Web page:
How to make Traditional Brown Soda Bread
The adaptation of traditional recipes is always an adventure, as it employs experimentation, exploration, and learning along the way. Offering courses at Colstoun has opened our eyes to new ways of cooking traditional recipes that can be adapted for new technology, appliances, and tastes. Working with our cookery school manager Alison who is from Northern Ireland, our family from Australia, and course students from all over the world, we’re constantly finding new ways to explore old traditions.
One recipe that’s quick, easy, and packed full of history is Irish brown soda bread. Our recipe is adapted from a recipe in the Irish domestic science school cookery book It's All In The Cooking by Colaiste Mhuire. According to The Society for the Preservation of Irish Soda Bread, the earliest mention of a traditional brown soda bread recipe is from County Down, Ireland, 1836. An article in London’s Farmer’s Magazine referenced that recipe and the Irish correspondent of Newry Telegraph who stated, “There is no bread to be had equal to it for invigorating the body, promoting digestion, strengthening the stomach..." Following his printed recipe—not far off from our own—he states that this bread is the most wholesome food to have ever entered a man’s stomach. We absolutely agree and think it is great.
When traditional recipes like this involve so few ingredients, the texture and taste you’re trying to reach is reliant on quality ingredients and finding up-to-scratch substitutes. Alison notes that in Ireland she would use Howard's One-way coarse wholemeal flour, but here in Scotland our favorite substitute is Mungoswells. Traditionally, rural families would have a cow but no fridge, leaving the fresh milk for drinking and the soured milk for bread making. Today, we consider buttermilk and appropriate substitute for anyone without a cow in the back paddock (including us).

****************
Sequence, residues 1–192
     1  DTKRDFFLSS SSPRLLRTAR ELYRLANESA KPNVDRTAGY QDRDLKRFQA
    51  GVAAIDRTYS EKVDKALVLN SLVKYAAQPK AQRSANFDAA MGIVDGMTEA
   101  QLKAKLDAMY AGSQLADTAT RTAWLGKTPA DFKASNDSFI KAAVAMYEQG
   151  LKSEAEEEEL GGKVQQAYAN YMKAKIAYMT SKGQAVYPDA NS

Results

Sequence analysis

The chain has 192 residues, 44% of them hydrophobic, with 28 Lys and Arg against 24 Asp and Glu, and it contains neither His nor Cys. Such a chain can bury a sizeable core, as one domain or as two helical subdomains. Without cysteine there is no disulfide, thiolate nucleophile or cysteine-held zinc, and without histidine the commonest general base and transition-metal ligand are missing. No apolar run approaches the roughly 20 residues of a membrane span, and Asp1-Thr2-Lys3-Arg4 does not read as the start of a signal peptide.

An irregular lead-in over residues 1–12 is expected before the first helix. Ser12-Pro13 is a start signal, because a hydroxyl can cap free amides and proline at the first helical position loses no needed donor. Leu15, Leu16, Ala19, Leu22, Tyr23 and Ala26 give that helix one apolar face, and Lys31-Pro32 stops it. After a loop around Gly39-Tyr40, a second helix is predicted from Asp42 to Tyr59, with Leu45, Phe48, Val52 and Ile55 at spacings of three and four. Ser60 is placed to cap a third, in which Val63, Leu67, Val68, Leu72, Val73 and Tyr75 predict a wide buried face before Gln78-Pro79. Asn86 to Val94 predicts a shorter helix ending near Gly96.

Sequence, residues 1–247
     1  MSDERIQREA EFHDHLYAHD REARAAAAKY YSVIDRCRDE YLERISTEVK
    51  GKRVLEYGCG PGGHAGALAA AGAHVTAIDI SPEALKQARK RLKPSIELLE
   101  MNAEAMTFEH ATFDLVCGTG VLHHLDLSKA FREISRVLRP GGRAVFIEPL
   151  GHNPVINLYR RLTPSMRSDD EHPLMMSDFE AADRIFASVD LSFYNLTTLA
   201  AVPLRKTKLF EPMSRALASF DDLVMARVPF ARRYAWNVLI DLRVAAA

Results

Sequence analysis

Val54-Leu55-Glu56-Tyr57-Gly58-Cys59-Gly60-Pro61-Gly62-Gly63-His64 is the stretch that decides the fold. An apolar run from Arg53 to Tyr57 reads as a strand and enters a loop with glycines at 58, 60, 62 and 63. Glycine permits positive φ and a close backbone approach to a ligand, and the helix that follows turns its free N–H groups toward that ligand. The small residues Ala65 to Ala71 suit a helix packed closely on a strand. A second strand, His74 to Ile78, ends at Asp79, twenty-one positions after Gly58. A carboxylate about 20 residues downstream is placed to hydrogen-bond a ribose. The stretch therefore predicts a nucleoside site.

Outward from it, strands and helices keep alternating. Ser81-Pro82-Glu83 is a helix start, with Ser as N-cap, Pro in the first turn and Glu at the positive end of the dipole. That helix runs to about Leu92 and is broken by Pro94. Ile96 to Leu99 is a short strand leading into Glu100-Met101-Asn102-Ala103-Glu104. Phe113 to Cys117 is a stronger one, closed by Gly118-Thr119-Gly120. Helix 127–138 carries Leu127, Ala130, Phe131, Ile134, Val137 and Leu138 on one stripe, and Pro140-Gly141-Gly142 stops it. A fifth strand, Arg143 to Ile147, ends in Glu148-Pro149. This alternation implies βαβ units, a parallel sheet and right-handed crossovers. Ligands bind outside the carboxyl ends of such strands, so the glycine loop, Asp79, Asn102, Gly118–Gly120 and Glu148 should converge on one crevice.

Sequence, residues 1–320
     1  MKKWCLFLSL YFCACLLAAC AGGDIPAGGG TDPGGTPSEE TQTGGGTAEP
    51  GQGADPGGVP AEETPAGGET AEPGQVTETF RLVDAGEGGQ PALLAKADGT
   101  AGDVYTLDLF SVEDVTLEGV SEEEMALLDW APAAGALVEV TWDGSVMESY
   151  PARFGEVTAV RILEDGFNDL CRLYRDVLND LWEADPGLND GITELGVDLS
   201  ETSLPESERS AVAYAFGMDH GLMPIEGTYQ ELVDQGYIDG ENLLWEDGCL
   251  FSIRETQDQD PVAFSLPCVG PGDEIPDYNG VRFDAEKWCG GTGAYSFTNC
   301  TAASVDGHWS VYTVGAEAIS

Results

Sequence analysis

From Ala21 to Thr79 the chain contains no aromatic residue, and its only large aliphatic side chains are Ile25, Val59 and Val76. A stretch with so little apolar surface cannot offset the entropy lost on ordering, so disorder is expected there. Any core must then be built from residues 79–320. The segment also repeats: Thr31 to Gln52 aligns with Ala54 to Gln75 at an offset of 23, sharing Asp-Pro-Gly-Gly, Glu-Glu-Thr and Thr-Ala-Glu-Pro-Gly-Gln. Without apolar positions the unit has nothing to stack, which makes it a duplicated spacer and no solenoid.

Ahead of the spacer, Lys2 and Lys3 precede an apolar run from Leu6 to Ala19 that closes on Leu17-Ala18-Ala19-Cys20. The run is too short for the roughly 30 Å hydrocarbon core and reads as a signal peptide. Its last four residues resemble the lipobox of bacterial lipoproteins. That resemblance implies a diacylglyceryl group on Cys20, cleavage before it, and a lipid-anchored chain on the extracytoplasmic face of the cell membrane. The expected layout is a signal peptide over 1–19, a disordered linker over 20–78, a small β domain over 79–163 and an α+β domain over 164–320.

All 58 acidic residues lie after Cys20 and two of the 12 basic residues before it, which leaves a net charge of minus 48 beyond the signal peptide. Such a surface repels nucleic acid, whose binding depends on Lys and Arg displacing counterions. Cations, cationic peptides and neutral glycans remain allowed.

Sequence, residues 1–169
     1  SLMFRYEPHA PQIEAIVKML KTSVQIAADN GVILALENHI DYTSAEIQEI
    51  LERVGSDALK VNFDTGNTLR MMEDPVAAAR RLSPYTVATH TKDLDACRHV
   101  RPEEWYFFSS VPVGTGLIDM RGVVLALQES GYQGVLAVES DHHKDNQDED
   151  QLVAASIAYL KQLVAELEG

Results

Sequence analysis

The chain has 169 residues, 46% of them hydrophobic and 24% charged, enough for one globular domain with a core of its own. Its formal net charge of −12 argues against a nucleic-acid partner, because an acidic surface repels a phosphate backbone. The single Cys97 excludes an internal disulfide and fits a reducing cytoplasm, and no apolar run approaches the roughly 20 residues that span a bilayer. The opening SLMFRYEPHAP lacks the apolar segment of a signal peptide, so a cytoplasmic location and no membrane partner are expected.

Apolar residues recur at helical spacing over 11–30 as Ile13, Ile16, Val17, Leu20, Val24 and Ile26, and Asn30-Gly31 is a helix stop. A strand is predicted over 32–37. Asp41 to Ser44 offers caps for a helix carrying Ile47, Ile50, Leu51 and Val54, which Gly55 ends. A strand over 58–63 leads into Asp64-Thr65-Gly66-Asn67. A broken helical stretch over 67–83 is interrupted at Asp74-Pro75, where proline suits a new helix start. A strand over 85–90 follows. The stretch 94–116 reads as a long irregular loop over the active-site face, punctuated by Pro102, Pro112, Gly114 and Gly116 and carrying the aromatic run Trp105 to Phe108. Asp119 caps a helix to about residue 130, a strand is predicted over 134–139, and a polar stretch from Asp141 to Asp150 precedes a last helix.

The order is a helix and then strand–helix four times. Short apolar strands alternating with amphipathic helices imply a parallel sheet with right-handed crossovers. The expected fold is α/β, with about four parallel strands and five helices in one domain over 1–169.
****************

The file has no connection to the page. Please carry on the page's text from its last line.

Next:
With regard to the baking process, there is no yeast used in the rising process, which means this quick bread can be made into scones in less than 40 minutes. Soda breads rely on the chemical reaction between the alkaline bicarbonate of soda and the acidic buttermilk, a reaction that produces carbon dioxide bubbles in the presence of water and warmth, which pushes the bread to rise without yeast. In the journal "Chemistry and Chemical Analysis" by the Ireland Commissioners of National Education published in 1861, they recognized that, “Although it is very desirable that bread should be light, it is not always possible to obtain yeast… Nevertheless, it is said to have properties, which render it at least as wholesome as that which is made with yeast.”
When looking for what to top this wholesome bread with, consider sweet or salty, hot or cold, as they’re delicious with a range of accompaniments. They’re best served warm from the oven, of course, but can be topped with anything from a crumbly cheddar to a chunky chutney, or just a nice cold pat of salted Irish butter.
Cooking time: 30 - 40 minutes - Serves: 8
4oz coarse wholemeal flour (I use Mungoswells)
4oz plain flour
0.25 tsp salt
0.25 tsp bread soda
0.25 pint buttermilk or sour milk
Preheat oven to 200°C
Put the flours and salt into a bowl, add the butter, cut into small pieces and rub it into the flour. Sieve in the bread soda and mix well together.
Mix to a loose dough with the buttermilk, turn onto a floured board, knead lightly, flatten out with the heal of your hand into a circle, about 0.5" thick. Cut in half, quarters and the eighths to give triangles.
Place on a lined baking tray, brush the top with milk and bake in a hot oven for about 20 minutes. Tap the base of a scone; if it sounds hollow, it is ready.